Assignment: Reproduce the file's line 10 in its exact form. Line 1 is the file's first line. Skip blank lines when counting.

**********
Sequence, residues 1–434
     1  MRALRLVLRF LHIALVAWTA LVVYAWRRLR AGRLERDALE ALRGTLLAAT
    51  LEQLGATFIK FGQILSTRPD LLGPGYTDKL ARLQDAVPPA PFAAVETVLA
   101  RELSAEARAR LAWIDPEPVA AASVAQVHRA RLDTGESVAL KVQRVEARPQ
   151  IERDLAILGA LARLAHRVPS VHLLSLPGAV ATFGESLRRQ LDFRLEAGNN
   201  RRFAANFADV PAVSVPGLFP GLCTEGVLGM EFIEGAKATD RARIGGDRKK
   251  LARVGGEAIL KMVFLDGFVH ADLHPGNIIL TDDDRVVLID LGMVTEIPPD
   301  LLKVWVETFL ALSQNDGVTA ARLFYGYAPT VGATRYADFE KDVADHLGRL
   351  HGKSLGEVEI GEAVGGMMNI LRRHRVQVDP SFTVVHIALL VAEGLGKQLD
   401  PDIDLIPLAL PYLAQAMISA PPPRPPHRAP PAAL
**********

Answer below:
   401  PDIDLIPLAL PYLAQAMISA PPPRPPHRAP PAAL